Pub. date: 2002 | Online Pub. Date: September 15, 2007 | DOI: 10.4135/9781412950664 | Print ISBN: 9780761922582 | Online ISBN: 9781412950664| Publisher:SAGE Publications, Inc.About this encyclopedia
Piracy, Intellectual Property
David F. Luckenbill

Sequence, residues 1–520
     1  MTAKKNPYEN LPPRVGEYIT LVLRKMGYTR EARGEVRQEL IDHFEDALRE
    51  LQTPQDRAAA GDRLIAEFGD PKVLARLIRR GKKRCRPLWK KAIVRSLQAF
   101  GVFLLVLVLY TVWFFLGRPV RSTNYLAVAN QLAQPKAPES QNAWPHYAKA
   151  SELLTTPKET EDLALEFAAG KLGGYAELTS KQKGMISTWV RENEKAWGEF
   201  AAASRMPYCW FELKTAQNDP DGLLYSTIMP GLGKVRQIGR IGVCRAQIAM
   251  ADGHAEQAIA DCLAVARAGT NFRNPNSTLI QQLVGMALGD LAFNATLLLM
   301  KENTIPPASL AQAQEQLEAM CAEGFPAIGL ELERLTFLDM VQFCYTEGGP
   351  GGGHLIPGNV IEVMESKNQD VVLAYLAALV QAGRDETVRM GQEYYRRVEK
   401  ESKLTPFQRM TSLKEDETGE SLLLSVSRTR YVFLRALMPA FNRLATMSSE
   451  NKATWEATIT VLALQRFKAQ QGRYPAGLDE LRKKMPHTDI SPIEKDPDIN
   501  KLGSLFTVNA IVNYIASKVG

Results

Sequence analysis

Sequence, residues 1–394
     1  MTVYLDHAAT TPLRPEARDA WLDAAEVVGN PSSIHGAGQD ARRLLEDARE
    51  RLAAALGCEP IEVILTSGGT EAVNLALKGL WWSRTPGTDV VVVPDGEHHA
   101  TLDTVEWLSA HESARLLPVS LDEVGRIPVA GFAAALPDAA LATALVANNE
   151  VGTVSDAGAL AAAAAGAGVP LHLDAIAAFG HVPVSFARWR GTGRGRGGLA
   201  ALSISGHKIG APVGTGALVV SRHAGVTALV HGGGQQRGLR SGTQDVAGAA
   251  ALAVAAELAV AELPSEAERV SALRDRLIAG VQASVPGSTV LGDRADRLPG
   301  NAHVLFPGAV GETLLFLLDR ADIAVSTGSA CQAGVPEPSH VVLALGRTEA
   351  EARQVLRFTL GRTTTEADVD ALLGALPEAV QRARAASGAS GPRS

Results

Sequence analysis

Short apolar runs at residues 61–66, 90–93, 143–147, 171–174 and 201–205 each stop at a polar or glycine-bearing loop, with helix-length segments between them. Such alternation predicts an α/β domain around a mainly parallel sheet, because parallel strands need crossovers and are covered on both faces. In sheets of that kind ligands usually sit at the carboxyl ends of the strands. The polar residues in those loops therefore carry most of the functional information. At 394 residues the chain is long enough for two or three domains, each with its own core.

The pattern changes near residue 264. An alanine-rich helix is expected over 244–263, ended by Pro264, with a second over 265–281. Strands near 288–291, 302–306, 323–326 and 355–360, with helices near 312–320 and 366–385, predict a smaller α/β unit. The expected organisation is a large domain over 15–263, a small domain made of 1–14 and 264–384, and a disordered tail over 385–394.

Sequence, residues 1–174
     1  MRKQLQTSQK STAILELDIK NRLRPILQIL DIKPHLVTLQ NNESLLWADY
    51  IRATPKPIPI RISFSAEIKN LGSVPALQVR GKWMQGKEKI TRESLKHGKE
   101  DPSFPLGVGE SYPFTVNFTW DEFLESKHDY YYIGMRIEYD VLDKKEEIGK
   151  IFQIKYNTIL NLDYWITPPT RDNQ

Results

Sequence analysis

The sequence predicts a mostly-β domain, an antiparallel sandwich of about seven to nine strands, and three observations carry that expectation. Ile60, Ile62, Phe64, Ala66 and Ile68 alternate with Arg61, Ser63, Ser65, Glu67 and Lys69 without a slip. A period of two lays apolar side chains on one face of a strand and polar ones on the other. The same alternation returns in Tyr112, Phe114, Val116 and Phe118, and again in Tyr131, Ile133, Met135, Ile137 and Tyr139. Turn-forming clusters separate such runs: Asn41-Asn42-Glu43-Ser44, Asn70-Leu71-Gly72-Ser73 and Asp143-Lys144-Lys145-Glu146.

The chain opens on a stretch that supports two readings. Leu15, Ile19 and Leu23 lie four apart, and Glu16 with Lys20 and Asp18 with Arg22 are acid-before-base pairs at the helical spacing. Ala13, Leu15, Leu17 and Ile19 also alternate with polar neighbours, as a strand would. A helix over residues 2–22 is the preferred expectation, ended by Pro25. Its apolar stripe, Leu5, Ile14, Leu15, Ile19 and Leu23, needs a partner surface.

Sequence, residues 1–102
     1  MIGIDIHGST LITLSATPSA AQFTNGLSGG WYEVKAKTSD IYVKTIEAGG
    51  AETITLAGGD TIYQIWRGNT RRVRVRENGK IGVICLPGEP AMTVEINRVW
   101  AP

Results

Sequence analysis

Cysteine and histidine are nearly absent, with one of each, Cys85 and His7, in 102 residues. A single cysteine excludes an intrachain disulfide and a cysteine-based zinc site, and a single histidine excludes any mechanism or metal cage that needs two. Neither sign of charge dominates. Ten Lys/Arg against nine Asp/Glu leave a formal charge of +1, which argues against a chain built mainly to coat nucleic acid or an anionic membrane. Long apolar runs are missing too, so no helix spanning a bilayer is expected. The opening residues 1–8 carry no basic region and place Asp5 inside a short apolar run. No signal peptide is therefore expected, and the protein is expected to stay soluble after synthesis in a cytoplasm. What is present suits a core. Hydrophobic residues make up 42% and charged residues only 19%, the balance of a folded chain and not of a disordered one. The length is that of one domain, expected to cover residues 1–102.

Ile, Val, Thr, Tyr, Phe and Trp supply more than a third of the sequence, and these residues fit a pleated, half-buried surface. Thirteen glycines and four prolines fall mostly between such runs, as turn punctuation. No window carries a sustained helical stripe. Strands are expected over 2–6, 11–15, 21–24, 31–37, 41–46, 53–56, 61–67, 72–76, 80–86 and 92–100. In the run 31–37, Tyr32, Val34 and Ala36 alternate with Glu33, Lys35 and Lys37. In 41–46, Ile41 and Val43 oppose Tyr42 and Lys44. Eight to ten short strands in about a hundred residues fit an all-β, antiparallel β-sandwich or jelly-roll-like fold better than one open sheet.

The term intellectual property is ambiguous. From a legalistic point of view, it refers to the exclusive rights to intellectual objects. In the United States, intellectual property includes the rights conferred by copyright, patent, and trademark laws. Copyright law grants an author the exclusive right to reproduce, distribute, perform, and adapt a literary, musical, or artistic work; patent law gives an inventor the exclusive right to make, use, and sell an invention; and trademark law grants a business the exclusive right to use a particular symbol to identify its products. Conventionally, however, intellectual property refers to the intellectual objects themselves—the original expressions of ideas fixed in tangible forms, such as books and records, and novel applications of ideas embodied in machines and technical processes. In the United States, violation of the rights to intellectual objects is a civil offense. The offender is liable to civil prosecution and remedial sanctions, such ...